They made the most wonderful bread/biscuit/slice as a breakfast bake. Try as we might, none of us could ever wheedle the recipe for "Loreto Brown Bread" out of any of our "nunnie-bunnies"! Any other Loreto girls out there? It was about 2" thick, luscious golden colour, biscuit type base with a softer top, smothered in butter, served warm ....
We probably did wolf it down like "a bunch of feral cats" !

If anyone has the recipe ....????

Irish Food - I was there for 3-4 months some years ago and must have been pretty fortunate. The only negative I can remember is that my then mother-in-law seemed to have an inordinate fondness for boiled gammon, and the beef was very expensive & not the best quality compared to Australian. We thought the pub food was usually good, and with one exception, all the restaurants we ate in were fine. There's nothing to compare with a good Irish potato and we mostly drank tea, because we like it and it was wonderful. I guess I would say that the food that we ate was perhaps less eclectic than we would eat here in Sydney, and more what one would expect in a colder climate with a strong AngloSaxon heritage. Simpler, a little blander & heavier, perhaps. We noticed that there didn't seem to be the emphasis on fresh salads & fruit that we have.

We stayed with friends & family for some of the time and went pretty much all over the South & West, staying in B & B's & pubs at other times, so our experience may be different to most tourists' because we were mostly with locals or going to places they'd recommended.


Coffee: We could have a thread just for that alone - we're all so precious about our individual coffee tastes these days (LOL)

It was a bit tricky to get what we liked in Ireland - but I find that in most places. I think we all get used to "our" coffee & find it a challenge to replicate that when we travel. I like the coffee in Italy, France & can usually find a good one in lots of cafes & bistros in any of the capital cities here in Australia, but had a real challenge in New York, which surprised me, given the Italian heritage of so many of the people in hospitality there. I thought an aquaintance in NY was joking when, in response to my enquiry as to my "Where can I get a proper coffee?", he pointed me to Starbucks! I was horrified ... sipped one once and for sure your feral cats would have given it a big miss too! I finally bought a coffee plunger & had a wonderful time sampling some truly delicious home-brewed coffees from specialist coffee suppliers. Never did find a really good coffee bar that I'd make my "local" in Manhattan,though.

Can't give any insights into a solution for your Canadian Sisters, I'm afraid. The only thing I can think is that perhaps they just don't have very broad palates and would find it difficult to get used to "other" foods whereever they go. I have a cousin like that. Drives me crazy whenever he's here - would eat baked lamb 7 days a week, provided it's cooked to a cinder & served with mashed potatoes, peas & gravy. Anything more exotic & heaven forbid,even the slightest hint of spice, is met with great suspicion & pushed around the plate He's here this weekend & I'm thinking of serving a good hot vindaloo ... or perhaps barbecued octopus (LOL)





Bokhara is offline  
Jul 21st, 2007, 08:11 AM
  #33  
 
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The breads and so much is very good, but has anyone else found the eggs a bit strange? The yolk color seems a much lighter color yellow to me--I usually order them easy over. I know that sounds strange, but I'm not the only one who's made that comment. Guess I have to say the only thing I don't like there is the eggs!!! If they're scrambled it's much less noticeable. I know someone is going to tell me I'm nuts. Won't be the first time!!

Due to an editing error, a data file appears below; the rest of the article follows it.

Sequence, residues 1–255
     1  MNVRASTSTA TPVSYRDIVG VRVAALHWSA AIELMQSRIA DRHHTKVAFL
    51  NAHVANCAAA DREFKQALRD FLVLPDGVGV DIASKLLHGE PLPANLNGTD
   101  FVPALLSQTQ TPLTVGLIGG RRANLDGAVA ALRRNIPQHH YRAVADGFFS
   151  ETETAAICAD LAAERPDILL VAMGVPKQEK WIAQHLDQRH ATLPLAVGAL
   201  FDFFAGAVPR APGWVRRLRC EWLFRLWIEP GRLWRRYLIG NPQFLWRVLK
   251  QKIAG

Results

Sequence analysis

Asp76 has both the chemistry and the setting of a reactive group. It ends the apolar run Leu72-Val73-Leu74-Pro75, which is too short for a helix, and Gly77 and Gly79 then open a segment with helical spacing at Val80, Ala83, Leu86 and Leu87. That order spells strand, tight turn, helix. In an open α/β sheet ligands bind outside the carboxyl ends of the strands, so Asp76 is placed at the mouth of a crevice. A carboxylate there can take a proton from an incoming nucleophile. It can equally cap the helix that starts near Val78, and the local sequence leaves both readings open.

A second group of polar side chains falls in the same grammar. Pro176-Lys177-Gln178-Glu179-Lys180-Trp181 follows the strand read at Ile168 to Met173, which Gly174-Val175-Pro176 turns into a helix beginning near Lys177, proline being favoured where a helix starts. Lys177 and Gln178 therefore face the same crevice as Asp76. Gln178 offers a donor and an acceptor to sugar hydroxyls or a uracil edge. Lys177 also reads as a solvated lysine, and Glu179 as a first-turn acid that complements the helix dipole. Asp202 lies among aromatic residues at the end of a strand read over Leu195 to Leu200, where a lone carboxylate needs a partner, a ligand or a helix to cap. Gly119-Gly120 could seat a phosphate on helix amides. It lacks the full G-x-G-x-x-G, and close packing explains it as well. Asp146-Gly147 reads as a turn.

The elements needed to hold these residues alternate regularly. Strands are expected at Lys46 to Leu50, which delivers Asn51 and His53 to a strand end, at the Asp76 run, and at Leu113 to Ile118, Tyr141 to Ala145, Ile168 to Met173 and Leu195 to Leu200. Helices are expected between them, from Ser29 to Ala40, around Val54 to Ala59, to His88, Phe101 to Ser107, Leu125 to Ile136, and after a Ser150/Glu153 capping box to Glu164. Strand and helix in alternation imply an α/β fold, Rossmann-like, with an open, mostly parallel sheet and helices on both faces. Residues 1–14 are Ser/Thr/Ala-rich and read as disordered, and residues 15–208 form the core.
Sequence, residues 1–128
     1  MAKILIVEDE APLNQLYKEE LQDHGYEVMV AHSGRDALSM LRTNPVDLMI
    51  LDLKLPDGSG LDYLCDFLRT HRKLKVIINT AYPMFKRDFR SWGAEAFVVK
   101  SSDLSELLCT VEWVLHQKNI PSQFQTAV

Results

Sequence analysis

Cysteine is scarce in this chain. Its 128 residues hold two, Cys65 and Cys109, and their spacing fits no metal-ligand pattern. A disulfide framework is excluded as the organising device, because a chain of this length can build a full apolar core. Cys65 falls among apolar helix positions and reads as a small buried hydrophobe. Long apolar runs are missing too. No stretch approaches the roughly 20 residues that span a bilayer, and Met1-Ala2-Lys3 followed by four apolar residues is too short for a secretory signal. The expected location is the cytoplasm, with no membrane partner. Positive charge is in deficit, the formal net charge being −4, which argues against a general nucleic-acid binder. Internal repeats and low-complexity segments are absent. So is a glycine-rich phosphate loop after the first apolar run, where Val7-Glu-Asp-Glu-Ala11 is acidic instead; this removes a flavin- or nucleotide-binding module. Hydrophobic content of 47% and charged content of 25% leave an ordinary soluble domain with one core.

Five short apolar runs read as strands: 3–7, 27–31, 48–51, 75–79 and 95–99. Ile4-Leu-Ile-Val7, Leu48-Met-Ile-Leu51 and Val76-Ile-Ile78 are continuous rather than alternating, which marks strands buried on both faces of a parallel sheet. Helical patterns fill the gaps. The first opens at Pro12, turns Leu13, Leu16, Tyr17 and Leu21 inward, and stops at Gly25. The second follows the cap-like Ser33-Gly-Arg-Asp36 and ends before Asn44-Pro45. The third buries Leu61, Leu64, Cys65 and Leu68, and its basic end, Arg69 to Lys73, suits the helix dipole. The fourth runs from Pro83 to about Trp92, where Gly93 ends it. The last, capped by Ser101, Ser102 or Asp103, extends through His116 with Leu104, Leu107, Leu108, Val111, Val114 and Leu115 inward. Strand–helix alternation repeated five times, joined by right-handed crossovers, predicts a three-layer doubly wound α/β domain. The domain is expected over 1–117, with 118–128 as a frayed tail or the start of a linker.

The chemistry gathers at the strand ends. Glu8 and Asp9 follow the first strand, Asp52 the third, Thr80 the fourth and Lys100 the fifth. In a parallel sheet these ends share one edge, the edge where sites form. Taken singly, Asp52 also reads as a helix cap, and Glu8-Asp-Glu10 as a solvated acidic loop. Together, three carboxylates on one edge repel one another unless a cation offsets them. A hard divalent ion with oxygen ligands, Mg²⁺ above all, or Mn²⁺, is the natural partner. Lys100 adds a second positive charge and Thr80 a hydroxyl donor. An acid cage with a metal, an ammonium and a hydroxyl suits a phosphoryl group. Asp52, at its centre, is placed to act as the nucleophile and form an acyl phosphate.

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Jul 21st, 2007, 08:40 AM
  #34  
 
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The eggs are probably that funny colour because they come from hens that have had a normal diet with no dyes in it.
It's sad that nowadays people prefer things like eggs, kippers etc. with artificial colour.

This is from the Food Additives and Ingredients Association
http://www.faia.org.uk/colour.php

"More subtly, consumers associate certain foods with a certain hue, preferring richer yellow butter and egg yolks, so butter and egg-yolk colour are sometimes enhanced. Recently, a supermarket chain banned the use of canthaxanthin (E161g) from its eggs. Canthaxanthin is a nature-identical yellow pigment, a carotenoid, which is sometimes added to the feed of hens. Since canthaxanthin is the pigment nature uses when she wants a yellow colour its addition in this way is not such a drastic step"
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Jul 21st, 2007, 08:42 AM
  #35  
 
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"We always celebrate whenever we find someplace with REAL coffee."

Bizarre, I'm not saying coffee in Ireland is good, but the US is world famous for its revolting coffee. "Sock juice" is what the French call it.
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Jul 21st, 2007, 09:15 AM
  #36  
 
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Well then, I learned something here. I didn't know dye was added to our eggs, and I only commented on the different color which I guess as not being used to I didn't care for. I don't believe it's a matter of "preference," just different. Now that I know dye is added to eggs in the US, I'll look forward to eating the eggs in Ireland!!